Influenza and You
2017 has been a particularly bad year for the influenza A virus, with many being sidelined from work or school for days after getting diagnosed with influenza.
We have all heard about influenza A virus, otherwise known as the flu, and many of us have first-hand experience with the coughing, fever, chills, and body aches that come with it. 2017 has been a particularly bad year for the flu, with many being sidelined from work or school for days after getting diagnosed with influenza. And while experts think the season has peaked and the infection rate will start to come down soon, the epidemic could last many more weeks or months, possibly even into the summer months.
Why is this important?
Influenza A is a virus that infects not only people, but also pigs and birds. Each species, whether people, pigs, or birds, typically has their own subtype of Influenza A virus that commonly infects and easily spreads within their own species. Humans have their own subtype that commonly circulates amongst people and pigs have their own subtype that commonly spreads between pigs. Occasionally, a pig or person is sick with the flu and the virus can jump between species. This is especially important at events where people and pigs come together, like at county fairs. The higher the incidence of circulating flu, the more likely there will be transfer between species. Influenza subtypes that infect a new species usually results in severe illness, especially in people, sometimes resulting in hospitalization, or even death. It’s crucial that precautions are taken at exhibitions and fairs to minimize the potential for transfer of virus between pigs and people.
So what can be done to minimize risk?
The best way to minimize risk is to is vaccinate pigs, reduce stress, increase biosecurity, and minimize contact between pigs and people.
These precautions start months before fair time. Vaccination of show pigs with an appropriate Influenza vaccine well in advance of exhibitions can reduce the chance that they may become ill with influenza during fair. Most flu vaccines for pigs require two or more injections and must be completed at least a month in advance of exhibition. Additionally, there are withdrawal times, usually 30 days after vaccination, before pigs are allowed to go to slaughter. It’s important to work with your veterinarian and follow label instructions.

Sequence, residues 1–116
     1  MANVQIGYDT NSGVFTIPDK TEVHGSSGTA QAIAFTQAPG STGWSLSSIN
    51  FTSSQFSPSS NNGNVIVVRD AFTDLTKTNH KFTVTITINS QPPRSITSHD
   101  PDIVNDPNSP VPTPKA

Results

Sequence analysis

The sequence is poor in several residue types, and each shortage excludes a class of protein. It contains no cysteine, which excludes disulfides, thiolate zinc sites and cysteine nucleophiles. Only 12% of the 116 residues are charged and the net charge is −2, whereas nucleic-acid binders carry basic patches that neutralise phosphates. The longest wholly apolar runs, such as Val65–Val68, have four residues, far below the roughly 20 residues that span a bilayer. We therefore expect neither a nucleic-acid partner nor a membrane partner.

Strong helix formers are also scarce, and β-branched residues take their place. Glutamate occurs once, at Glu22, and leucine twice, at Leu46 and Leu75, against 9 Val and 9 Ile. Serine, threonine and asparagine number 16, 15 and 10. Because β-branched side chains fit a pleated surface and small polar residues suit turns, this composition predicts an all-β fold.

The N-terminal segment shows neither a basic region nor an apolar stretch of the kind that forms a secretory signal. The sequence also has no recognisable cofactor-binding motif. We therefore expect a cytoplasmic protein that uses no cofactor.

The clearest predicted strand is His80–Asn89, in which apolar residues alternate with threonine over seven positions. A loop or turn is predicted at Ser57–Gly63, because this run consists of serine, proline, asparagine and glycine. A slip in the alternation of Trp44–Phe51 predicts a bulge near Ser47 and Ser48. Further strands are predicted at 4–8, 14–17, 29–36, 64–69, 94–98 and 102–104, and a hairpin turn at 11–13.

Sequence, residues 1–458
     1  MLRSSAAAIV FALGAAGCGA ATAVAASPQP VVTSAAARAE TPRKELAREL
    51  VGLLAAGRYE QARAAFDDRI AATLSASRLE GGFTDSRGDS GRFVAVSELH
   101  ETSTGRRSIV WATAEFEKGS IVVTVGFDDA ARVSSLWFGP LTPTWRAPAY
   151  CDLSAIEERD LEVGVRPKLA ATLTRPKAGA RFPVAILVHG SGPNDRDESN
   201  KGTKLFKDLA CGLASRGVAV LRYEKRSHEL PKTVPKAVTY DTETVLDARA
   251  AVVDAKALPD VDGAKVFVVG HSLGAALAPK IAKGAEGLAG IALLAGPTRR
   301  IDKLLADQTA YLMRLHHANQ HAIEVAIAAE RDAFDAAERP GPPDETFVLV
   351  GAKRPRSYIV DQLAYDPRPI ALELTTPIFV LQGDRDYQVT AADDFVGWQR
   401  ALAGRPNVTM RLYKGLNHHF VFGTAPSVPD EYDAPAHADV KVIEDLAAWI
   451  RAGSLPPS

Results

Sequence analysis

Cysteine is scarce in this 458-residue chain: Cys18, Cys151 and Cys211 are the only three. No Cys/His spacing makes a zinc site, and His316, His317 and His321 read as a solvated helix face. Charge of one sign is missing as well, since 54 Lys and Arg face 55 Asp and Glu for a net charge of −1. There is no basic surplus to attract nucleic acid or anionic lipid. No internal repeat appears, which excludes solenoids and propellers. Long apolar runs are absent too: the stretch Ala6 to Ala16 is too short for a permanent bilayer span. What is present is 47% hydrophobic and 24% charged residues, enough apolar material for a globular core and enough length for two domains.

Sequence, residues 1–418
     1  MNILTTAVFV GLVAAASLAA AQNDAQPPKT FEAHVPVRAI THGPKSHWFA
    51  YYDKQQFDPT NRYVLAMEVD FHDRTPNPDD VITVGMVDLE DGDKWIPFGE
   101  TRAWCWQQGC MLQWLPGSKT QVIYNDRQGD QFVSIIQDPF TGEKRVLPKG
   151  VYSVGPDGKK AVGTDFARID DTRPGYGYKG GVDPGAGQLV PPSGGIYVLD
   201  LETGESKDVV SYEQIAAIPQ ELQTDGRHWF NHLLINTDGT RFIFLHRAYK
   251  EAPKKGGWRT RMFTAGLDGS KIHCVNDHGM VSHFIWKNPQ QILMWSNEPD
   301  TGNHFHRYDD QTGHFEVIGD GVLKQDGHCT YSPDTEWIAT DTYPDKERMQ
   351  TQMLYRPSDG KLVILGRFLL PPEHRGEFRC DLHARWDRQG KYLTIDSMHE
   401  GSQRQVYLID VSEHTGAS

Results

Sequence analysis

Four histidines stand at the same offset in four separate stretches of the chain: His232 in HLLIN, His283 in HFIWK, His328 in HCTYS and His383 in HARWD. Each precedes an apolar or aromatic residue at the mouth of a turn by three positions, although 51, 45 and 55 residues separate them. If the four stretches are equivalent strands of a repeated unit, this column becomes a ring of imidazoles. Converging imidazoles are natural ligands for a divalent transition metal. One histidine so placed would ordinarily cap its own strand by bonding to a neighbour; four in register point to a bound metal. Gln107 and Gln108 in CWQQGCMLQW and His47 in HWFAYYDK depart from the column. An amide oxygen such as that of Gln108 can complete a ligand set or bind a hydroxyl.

Reducing stress in show pigs is not an easy task. Exhibition in general is a stressful event for pigs. The pigs are taken from their familiar surroundings, shipped on a trailer, and housed in a hot barn with a lot of other pigs and hundreds of strangers wandering through looking at them. Research has shown that minimizing the time pigs are in these conditions to 72 hours or less reduces the number of pigs that break with influenza infection at the fair. This in turn reduces the chance that people will get flu from pigs when visiting the swine barn.
It is a decision for each fair board to make, however finding ways to limit pigs’ time at the fair to three days will decrease rates of illness. One option is to stagger shows so breeding pigs are on the fairgrounds for the first three days, followed by a day for cleaning and disinfection of the swine barn, and then terminal pig shows for the last half of the fair. Every fair is different, and many fairs have found creative solutions that help exhibitors, the public and the pigs have a valuable and healthy experience.
Additionally, transporting pigs to the fair and showing them during cooler evening or early morning hours can reduce stress. Remember to always keep pigs well hydrated and cool, using box fans and frequent water spritzes. Minimizing stress keeps them healthier.
Lastly, biosecurity at the fair can not be emphasized enough. No matter how well show pigs are managed and how much their stress is minimized, it is possible that one pig in the fair will none-the-less break with a respiratory illness. Practicing good biosecurity will help reduce the spread of that illness to other pigs at the fair and result in less chance of exposure to the public. Cleaning and disinfecting weigh-in scales and sorting boards between loads at check in and nightly disinfection of wash stations will go a long way to minimizing spread of any illness in the barn. Keeping the public six feet or more from pens, limiting the public’s barn access to a few hours of the day, and prohibiting them from eating or drinking in the barn are all good risk-mitigating practices. Lastly, hand sanitizers throughout the barn, and hand wash stations at its entrance and exit are essential.
Fair time is a special time of the year for everyone and a tradition valued by many. Good weather, good food, time with family and friends, and hours of independence and growth for exhibitors. By following these practices, we can make sure everyone stays healthy and fairs continue to be a place where the public can learn more about agriculture.
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